Growing vegetables on terraces

Posted: Wednesday 24 April 2013
by Kate Bradbury

For the last couple weeks I've been on something of a 'grand tour' of South America. I've visited gardens and seen some interesting horticultural practices.

Inca terraces

For the last couple weeks I've been on something of a 'grand tour' of South America. Along the way, I've visited many gardens and seen some interesting horticultural practices. This is the first in a series of four blogs, documenting the fascinating things I've seen.

In Peru, I visited the ruins of the Incas, who ruled there between the 13th and 16th centuries. I spent five days trekking the Inca trail, exploring whole towns built into the sides of mountains, impressive irrigation systems and rows and rows of terraces.

As well as being brilliant at building homes that could withstand the many earthquakes of the region, the Incas were also great gardeners. In their stone terraces, they grew many types of potato and corn, as well as quinoa, yuca, amaranth, squashes, broad beans and also lupins, which they harvested for their seeds.

The terraces proved perfect for the production of food. The stone walls would warm up quickly, creating a warmer microclimate within the terrace and enabling some crops to be grown at higher altitude than they would normally grow.

The terraces were filled with a mixture of sand, rock and topsoil, and fertilised with compost and guinea pig manure. Waterfalls were diverted to act as an irrigation system. They either trickled directly into the terraces, or into nearby fountains so that they could be easily watered by hand, although sometimes they didn't need watering at all. Also, these terraces helped prevent mountain erosion.

From a wildlife gardening perspective, this style of gardening is excellent. To this day, bumble and solitary bees nest in the nooks and crannies of the dry stone walls. Countless other insects and spiders also inhabit the rocks, and at lower altitudes, lizards take advantage of the warm, dry spaces concealed within. Many of these creatures would have provided a free source of pest control for the Incas' crops.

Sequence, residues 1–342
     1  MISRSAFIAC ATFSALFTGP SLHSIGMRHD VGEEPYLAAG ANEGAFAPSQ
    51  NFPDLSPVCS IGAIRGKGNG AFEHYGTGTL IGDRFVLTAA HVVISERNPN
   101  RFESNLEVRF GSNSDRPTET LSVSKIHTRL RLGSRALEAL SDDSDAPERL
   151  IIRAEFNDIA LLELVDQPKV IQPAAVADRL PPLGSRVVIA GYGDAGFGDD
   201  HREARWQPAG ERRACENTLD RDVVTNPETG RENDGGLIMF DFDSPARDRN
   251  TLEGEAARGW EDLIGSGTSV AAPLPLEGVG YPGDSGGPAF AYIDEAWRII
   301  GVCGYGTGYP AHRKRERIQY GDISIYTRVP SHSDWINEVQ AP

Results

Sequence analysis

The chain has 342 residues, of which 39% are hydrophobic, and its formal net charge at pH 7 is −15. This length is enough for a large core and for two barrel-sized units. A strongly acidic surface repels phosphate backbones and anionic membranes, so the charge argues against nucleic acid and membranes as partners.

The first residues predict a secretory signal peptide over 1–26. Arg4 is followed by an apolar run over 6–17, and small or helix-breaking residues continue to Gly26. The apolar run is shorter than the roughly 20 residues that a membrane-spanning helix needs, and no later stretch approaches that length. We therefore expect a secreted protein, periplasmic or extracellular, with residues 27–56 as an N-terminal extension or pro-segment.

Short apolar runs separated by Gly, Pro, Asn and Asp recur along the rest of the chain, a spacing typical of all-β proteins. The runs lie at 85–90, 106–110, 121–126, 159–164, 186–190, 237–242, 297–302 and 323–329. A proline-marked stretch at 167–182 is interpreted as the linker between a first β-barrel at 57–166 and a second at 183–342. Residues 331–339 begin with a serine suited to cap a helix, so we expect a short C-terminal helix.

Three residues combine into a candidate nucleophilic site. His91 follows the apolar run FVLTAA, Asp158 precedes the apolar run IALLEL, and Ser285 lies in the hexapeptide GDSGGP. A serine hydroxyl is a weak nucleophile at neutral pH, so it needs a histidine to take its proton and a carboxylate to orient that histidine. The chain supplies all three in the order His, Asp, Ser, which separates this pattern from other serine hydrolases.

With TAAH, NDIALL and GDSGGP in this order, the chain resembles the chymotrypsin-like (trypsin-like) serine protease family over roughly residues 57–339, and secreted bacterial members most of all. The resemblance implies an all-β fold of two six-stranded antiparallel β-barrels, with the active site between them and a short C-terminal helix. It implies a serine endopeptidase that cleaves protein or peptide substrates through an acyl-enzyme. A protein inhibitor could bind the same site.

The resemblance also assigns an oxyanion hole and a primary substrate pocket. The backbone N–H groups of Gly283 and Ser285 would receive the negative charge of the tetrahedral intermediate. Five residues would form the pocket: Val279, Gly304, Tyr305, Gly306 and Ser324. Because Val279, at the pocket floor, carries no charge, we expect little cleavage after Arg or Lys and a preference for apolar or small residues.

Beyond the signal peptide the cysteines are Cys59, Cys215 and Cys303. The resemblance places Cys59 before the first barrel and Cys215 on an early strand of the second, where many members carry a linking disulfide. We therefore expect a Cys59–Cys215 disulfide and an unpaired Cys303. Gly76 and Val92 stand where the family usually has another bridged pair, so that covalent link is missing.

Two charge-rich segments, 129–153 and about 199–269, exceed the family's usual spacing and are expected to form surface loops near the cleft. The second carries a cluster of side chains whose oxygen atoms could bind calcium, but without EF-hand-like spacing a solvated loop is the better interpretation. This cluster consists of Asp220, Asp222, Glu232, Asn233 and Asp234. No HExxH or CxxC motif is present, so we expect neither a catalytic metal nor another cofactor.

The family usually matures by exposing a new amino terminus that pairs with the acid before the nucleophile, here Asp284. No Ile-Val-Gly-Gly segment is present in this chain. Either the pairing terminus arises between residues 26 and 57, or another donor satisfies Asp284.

This system of terraces is thought to have fed millions. It was so successful that many Andean people are today re-learning how to raise food in this way, since the pressures of climate change force them to return to growing (more resilient) native plants using traditional methods. The Incas inspired me, too, despite the fact that I'll never have a mountain to carve a garden out of, or a waterfall to divert to my crops.

My garden is tiny and flanked by two uninspiring walls that I have difficulty growing anything up. I've only ever considered growing climbers up them, but I wonder if I can adapt the Inca system to create mini terraces to utilise the space better. A series of troughs hung from trellises, for example, might work well, or I could just build beds into them. They'd be made of stone, of course, and top-dressed with guinea pig manure for the ultimate homage to the Incas.

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oldchippy 24/04/2013 at 19:53

Terraced grow bag's may be your answer Kate,Most new properties we have looked at have garden's to small for a grow bag let a lone a terrace,I saw a house on line in Devon with a garden like your photograph just a bit to remoat on Dart moor. Oldchippy.

Peace22 11/05/2013 at 23:15

Thanks for the interesting read! I have made 2 raised beds using wooden boxes from a builders yard. The squashes will be growing out of them and should look pretty with the fruits hanging out. Good luck with your garden and looking forward to Part 2,3 and 4. :0)